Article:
Dogs wearing masks in a stroller in Shanghai on February 19, 2020.
Noel Celis | AFP | Getty Images
A dog in Hong Kong has tested positive for the COVID-19 virus that’s killed at least 2,859 humans across the world over the last two months, World Health Organization officials said Friday.
Dr. Maria Van Kerkhove, the technical lead of WHO’s emergencies program, said the canine tested “weakly positive,” meaning low levels of the virus were found.
Hong Kong scientists aren’t sure if the dog is actually infected or if it picked up the virus from a contaminated surface, she said.
“We’re working with them to understand the results, to understand what further testing they are doing and to understand how they are going to care for these animals,” Kerkhove said during a press conference at WHO’s headquarters in Geneva.
The dog reportedly belongs to a 60-year-old woman who developed symptoms on Feb. 12 and later tested positive, according to The Wall Street Journal.
As a precaution, the Hong Kong government declared cats, dogs and other domesticated mammals whose owners test positive and are quarantined for COVID-19 would be collected and delivered to a “designated animal keeping” facility for quarantine and veterinary surveillance. Hong Kong’s Agriculture, Fisheries and Conservation Department said the dog doesn’t have any symptoms. Swabs of its nasal and oral cavities revealed tested “weak positive,” it said in a statement Friday.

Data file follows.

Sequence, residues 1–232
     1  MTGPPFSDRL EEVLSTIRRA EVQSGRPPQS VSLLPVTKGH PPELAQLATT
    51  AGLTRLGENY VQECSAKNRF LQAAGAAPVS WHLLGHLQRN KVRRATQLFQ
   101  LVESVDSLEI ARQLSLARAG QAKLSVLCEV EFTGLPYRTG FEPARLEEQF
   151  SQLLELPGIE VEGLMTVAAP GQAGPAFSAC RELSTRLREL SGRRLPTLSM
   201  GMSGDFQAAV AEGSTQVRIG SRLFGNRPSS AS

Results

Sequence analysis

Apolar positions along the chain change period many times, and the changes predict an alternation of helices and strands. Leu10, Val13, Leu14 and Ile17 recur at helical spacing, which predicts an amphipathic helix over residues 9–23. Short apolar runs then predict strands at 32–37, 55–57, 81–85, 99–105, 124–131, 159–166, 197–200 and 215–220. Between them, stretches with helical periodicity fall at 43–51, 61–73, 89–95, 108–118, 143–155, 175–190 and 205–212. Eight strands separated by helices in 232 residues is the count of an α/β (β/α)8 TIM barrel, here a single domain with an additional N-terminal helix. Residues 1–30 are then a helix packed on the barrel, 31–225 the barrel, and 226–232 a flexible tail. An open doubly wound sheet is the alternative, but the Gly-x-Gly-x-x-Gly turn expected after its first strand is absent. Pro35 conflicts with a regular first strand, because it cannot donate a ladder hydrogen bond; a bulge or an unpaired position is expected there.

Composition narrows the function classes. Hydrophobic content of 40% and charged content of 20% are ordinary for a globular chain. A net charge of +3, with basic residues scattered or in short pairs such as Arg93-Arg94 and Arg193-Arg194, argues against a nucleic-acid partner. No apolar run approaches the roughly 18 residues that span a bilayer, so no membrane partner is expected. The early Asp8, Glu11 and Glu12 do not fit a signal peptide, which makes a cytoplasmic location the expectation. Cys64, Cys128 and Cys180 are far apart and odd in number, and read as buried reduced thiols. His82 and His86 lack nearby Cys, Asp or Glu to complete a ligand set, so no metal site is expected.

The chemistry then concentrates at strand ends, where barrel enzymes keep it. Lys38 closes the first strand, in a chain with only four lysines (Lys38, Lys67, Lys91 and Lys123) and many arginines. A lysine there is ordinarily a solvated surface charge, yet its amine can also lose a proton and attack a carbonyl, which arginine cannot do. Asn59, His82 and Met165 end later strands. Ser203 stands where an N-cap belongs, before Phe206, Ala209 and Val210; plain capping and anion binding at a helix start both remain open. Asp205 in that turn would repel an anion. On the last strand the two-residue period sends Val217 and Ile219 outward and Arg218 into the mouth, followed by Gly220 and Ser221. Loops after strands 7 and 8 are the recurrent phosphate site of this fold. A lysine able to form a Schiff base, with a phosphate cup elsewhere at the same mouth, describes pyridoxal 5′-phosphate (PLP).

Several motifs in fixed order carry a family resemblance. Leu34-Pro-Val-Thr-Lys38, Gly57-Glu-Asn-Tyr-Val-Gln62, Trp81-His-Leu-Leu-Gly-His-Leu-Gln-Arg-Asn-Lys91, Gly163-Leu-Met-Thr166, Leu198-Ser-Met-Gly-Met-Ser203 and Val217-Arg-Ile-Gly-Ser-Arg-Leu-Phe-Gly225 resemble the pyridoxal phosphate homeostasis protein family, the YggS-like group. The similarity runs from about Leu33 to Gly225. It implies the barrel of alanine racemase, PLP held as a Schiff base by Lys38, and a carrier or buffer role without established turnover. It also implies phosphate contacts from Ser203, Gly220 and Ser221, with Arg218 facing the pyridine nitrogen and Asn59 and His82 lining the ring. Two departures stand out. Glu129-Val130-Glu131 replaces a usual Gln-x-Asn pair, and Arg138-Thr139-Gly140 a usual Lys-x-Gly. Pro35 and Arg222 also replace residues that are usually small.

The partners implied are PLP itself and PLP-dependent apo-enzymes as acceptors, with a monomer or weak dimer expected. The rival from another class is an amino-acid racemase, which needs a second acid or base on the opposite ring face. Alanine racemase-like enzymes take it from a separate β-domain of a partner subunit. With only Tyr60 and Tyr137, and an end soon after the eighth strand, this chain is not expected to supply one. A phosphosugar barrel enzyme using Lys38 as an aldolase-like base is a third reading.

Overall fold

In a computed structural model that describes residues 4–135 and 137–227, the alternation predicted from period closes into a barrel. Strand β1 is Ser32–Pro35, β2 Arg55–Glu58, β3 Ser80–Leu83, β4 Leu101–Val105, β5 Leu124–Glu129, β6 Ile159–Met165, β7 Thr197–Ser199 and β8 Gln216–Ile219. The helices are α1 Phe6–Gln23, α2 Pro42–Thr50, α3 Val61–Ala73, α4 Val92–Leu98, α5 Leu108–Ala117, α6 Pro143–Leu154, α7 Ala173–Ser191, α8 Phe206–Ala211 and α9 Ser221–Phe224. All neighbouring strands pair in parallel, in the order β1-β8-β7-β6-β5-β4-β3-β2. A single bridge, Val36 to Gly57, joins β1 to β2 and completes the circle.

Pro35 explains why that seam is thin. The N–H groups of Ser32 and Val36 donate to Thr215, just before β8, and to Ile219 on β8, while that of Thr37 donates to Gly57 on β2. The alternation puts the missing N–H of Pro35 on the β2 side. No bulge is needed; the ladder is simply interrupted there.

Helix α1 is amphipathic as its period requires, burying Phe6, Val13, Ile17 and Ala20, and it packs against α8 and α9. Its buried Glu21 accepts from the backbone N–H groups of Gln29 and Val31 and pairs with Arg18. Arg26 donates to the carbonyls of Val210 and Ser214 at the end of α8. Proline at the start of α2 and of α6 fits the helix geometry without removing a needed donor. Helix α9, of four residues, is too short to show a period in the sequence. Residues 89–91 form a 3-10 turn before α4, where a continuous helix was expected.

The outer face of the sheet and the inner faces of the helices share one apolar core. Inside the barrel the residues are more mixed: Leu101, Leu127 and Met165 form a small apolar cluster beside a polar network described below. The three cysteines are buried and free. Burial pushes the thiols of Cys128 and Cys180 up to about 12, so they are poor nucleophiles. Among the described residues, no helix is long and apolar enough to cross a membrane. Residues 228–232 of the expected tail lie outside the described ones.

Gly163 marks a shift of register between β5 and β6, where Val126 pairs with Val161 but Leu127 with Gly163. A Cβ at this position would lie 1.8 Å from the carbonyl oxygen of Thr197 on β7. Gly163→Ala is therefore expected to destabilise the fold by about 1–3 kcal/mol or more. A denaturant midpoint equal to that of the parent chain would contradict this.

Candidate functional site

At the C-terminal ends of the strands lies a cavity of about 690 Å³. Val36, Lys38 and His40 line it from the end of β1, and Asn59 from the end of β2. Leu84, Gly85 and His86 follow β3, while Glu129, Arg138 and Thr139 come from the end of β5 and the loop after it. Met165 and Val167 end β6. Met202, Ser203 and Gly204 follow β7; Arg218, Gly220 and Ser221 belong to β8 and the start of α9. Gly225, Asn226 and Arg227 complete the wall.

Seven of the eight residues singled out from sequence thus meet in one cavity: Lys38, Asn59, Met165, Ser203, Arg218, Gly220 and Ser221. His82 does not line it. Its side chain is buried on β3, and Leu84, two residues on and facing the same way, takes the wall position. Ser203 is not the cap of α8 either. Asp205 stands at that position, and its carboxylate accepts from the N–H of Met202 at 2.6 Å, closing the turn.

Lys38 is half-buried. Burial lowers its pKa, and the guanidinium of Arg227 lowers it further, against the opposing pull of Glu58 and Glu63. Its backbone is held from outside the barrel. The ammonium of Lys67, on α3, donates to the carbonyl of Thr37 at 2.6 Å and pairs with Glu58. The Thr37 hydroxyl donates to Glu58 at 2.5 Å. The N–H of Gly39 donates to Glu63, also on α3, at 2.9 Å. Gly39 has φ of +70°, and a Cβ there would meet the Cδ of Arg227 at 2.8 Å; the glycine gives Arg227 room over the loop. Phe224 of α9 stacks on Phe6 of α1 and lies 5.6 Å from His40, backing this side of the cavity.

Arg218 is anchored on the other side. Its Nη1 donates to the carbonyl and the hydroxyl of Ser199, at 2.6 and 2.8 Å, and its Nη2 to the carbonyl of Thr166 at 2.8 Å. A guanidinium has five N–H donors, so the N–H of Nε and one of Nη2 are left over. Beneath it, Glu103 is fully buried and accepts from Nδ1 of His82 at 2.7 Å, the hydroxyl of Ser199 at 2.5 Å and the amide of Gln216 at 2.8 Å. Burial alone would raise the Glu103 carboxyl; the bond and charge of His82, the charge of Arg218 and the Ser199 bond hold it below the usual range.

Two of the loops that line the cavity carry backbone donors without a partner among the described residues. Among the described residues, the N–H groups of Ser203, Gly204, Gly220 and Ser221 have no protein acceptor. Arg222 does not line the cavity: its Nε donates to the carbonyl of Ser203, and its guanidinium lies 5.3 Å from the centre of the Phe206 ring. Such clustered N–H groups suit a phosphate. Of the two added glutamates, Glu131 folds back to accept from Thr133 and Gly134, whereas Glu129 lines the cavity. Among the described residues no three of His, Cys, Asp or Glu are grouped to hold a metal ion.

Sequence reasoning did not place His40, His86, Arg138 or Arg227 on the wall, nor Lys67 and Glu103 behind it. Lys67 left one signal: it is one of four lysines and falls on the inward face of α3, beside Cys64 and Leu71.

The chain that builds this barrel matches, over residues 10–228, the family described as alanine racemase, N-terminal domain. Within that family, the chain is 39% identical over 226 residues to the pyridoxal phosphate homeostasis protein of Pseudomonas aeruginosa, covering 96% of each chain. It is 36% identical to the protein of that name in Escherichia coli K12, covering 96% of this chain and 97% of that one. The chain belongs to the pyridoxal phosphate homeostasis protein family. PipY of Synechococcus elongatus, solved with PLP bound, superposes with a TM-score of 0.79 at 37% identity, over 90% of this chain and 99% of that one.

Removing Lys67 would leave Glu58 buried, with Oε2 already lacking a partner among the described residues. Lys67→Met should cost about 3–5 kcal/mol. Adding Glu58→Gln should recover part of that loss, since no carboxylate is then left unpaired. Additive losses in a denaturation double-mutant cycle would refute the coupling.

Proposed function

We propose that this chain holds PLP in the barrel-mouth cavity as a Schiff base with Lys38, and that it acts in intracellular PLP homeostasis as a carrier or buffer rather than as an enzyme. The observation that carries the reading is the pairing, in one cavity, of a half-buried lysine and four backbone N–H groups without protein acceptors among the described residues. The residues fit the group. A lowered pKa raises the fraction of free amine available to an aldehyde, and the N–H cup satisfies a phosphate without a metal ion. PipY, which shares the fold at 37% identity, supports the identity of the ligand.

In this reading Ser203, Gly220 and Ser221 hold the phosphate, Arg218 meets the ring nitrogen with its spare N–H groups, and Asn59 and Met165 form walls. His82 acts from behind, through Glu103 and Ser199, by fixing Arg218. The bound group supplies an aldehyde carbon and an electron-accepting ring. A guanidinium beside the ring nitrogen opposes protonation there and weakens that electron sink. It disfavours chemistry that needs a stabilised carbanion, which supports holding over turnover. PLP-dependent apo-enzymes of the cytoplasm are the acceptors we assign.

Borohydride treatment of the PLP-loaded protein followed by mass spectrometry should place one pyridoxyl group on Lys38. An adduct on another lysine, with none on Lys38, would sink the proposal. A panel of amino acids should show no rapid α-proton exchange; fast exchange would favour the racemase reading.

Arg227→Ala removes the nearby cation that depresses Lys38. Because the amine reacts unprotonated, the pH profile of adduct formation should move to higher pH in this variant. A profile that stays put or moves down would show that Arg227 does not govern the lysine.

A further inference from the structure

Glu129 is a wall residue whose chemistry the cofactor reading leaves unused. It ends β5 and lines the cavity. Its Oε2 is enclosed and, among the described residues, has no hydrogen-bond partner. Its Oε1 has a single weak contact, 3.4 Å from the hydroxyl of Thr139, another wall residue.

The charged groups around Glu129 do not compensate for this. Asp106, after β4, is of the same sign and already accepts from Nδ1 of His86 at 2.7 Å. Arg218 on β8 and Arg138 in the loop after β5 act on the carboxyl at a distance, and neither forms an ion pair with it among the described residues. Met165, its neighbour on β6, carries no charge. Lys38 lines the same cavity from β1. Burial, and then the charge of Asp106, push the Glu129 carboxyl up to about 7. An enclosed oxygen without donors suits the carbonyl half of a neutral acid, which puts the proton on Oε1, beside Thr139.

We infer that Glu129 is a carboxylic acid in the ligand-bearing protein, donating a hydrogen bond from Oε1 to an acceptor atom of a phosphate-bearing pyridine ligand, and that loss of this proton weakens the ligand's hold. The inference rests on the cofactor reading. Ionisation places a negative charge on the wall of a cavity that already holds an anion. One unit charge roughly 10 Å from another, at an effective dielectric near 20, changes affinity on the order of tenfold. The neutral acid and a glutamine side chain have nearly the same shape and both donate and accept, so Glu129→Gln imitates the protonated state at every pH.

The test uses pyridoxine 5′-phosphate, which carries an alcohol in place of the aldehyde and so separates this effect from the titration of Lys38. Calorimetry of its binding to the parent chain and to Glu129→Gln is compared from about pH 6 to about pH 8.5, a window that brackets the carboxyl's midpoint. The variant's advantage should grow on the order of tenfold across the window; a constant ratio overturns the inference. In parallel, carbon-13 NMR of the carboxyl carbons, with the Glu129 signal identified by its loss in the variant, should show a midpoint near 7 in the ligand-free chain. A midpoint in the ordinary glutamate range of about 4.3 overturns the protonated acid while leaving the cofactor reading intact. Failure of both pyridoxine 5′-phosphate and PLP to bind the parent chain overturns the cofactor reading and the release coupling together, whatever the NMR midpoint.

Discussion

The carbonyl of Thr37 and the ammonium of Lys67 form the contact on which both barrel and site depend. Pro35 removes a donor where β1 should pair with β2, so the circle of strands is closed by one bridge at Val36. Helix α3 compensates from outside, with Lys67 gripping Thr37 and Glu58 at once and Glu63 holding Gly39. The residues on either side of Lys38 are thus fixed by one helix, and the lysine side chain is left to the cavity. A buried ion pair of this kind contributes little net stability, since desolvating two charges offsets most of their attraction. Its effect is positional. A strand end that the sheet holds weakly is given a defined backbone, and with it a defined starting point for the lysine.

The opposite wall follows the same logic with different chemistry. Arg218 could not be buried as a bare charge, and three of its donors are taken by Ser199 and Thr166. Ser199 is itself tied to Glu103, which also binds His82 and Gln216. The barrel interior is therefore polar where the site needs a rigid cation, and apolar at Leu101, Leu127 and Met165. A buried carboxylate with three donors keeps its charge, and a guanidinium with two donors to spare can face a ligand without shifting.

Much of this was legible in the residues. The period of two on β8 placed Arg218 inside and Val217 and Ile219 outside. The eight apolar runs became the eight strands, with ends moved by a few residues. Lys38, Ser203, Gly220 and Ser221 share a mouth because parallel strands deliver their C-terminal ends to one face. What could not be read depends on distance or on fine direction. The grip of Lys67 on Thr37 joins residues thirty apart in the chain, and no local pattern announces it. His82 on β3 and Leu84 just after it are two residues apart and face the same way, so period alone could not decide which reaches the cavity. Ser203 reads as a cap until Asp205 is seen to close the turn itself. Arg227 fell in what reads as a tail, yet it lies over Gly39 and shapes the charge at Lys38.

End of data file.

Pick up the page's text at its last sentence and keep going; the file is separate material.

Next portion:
The dog is under quarantine at a facility at a port in Hong Kong and will be returned to the owner once it tests negative for the virus, according to the agency.
Although the virus seems to have emerged from an animal — scientists have said a bat — there is currently no evidence that suggests pets like dogs or cats can be infected with the coronavirus, the department said. However, the situation is still evolving, scientists say.
On Thursday, the U.S. Food and Drug Administration said six animal drug firms that source ingredients or make finished products in China have indicated they’re seeing disruptions in the supply chain that could soon lead to shortages.
The Centers for Disease Control and Prevention suggests pet owners restrict contact with pets and other animals if the owner is infected with COVID-19. That includes “petting, snuggling, being kissed or licked, and sharing food.”